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E-cigarettes 'no more effective than nicotine patches'

Smokers using e-cigarettes to quit are no more likely to be successful in the long term than those using nicotine patches, a study has claimed.

E-cigarette smokers were also more likely to suffer side effects, such as dry cough and throat irritation.

The meta-analysis, which looked at four existing studies into e-cigarette effect on smoking cessation and 18 into their clinical safety, concluded that until more research was available smokers should continue to be advised to use cessation aids that are backed up by more evidence.

The team of researchers, from the University of Toronto, found that e-cigarettes improved abstinence from smoking at one month but the effect lost at three and six months.

The only study that looked at continuous abstinence, rather than specific follow-up times, found no difference in the abstinence rates between e-cigarette users and people given e-cigarette placebos or open-label nicotine patches, however e-cigarettes were associated with twice the risk of serious adverse events as patches..

Lead author Dr Riyad al-Lehebi said: ‘Although e-cigarettes are widely promoted and used as a smoking cessation tool, we found no data supporting their long-term efficacy and safety.

‘Given the potential health risks of using these unproven and unregulated devices, individuals seeking help with smoking cessation should consider other more well-established options until more research is performed.’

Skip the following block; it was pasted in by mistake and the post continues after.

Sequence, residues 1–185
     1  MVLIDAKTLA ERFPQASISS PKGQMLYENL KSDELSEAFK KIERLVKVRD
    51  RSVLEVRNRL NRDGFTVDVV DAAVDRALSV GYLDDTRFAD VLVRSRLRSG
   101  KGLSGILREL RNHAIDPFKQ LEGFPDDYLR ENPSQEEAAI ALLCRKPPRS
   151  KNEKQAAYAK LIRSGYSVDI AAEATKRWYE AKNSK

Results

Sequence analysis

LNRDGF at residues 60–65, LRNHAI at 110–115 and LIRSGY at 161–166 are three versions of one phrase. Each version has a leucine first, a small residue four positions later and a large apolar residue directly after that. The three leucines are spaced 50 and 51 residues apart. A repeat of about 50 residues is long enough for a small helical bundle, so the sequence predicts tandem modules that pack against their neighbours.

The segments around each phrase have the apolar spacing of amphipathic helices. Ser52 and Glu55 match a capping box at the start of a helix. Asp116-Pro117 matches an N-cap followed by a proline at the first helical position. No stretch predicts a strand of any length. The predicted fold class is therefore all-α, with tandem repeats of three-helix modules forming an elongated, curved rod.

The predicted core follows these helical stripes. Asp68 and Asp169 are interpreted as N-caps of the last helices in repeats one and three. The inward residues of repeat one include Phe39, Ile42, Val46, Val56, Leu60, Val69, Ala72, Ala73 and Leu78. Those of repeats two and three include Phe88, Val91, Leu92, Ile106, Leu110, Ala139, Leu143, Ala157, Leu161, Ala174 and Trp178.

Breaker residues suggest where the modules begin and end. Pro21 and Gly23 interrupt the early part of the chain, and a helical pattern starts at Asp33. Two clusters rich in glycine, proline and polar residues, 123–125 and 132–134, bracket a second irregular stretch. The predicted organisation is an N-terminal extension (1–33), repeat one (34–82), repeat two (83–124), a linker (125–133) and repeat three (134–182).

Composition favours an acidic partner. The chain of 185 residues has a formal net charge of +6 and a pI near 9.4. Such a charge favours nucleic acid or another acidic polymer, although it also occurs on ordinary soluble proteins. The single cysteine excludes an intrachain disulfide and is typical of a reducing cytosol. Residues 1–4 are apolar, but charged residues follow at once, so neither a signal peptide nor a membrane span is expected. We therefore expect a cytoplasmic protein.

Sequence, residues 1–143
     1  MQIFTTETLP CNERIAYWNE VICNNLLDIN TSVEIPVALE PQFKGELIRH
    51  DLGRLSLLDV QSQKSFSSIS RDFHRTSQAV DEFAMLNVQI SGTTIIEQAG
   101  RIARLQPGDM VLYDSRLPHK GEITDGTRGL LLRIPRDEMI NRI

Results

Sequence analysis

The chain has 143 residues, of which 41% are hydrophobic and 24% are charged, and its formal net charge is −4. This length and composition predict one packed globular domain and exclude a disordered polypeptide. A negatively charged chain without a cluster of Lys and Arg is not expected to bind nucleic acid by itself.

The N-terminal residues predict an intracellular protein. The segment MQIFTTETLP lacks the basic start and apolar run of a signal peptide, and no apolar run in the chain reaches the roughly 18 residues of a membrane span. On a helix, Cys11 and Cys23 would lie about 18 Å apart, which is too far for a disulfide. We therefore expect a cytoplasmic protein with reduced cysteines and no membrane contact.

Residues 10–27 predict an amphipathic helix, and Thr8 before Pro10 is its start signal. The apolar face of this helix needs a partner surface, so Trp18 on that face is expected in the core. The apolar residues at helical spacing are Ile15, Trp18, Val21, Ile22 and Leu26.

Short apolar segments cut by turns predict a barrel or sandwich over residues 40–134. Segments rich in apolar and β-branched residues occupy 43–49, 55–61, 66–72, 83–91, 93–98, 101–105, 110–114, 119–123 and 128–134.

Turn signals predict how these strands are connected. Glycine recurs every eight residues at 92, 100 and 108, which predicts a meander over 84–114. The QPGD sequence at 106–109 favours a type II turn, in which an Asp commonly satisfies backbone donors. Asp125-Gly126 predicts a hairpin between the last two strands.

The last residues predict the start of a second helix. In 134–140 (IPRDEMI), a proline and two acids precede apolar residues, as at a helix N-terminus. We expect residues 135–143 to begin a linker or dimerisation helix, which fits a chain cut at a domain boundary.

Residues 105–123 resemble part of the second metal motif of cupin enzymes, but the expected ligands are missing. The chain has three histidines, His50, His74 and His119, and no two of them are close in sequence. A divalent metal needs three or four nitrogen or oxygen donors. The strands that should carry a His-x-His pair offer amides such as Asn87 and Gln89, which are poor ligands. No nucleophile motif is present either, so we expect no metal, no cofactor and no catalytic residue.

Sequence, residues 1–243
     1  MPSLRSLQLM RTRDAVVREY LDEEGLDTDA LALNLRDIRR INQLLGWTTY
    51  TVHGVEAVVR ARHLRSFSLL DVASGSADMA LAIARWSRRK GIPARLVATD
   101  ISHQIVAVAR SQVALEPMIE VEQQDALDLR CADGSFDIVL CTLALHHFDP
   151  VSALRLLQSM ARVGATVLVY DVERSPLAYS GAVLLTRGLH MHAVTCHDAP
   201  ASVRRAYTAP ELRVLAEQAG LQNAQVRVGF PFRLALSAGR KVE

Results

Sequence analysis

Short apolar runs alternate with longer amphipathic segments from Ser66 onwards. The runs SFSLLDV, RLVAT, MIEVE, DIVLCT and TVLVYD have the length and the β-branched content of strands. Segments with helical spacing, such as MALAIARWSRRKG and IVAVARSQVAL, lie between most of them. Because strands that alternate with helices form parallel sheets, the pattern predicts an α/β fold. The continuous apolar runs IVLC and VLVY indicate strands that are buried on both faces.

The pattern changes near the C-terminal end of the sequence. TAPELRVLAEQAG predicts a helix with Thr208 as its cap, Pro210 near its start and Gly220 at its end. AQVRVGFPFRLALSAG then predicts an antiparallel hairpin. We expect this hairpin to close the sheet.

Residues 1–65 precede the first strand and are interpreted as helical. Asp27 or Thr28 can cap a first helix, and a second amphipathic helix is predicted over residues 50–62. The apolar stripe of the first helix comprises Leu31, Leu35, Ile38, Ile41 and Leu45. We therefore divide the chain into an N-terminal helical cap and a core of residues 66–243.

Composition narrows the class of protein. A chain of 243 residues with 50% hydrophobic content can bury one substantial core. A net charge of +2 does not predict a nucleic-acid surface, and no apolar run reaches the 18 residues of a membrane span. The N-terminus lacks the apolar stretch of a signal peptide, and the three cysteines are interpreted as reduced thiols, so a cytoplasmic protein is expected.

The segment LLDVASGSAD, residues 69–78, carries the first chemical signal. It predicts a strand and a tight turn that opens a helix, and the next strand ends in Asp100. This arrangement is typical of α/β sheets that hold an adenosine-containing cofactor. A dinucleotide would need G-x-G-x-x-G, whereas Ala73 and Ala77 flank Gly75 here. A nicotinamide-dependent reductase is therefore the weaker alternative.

NICE currently does not recommend e-cigarettes for smoking cessation but a recent NICE publication on tobacco harm reduction said GPs may advise smokers that they are likely to be less harmful than traditional cigarettes.

Recent NICE Tobacco Harm Reduction guidance says GPs should not recommend their use, but that they may advise smokers e-cigarettes are likely to be less harmful than smoking.

Other studies have concluded e-cigarettes were more effective than non-prescription smoking cessation aids and UK researchers recently said GPs should be telling smokers that e-cigarettes will help them quit.

American Thoracic Society International Conference 2015; Abstract 65842

 

Readers' comments (3)

  • Vinci Ho

    e-cigarette has become a substitute rather than a cessation therapy in many patients . If complete abstinence is the final endpoint we want to achieve , it does not look good with this result .
    However , if we look purely at substituting with a lesser evil , is this better than giving some of these resilient smokers NRT while they are supposed to reduce the number of cigarettes everyday ?Remember NICE has endorsed the contentious usage of NRT to just reduce number of cigarettes being smoked .......

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  • NRT is just another 'clean' drug fed into the business supply chain of the NHS. The nanny state goes on with no real financial crisis therefore.

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  • On and off I tried for years to quit using NRT but the problem was that the thing I was addicted to was the nicotine. Taking nicotine to quit nicotine was clearly not the solution but I didn't realise that until I was educated by a well known book. I read half the book a couple times but kept stopping because I was afraid it was going to make me want to quit!!! It wasn't until I really wanted to give up that I read the whole book. The first week after stopping was hard but as I was able to understand my cravings I was able to work through it and after that it was easy. I had literally been a slave to nicotine for 25 years planning practically everything around my next cigarette and then I was free.

    NRT of any kind is a waste of time and money.Anonymous | Practice Manager | 18 May 2015 8:16pm is spot on.

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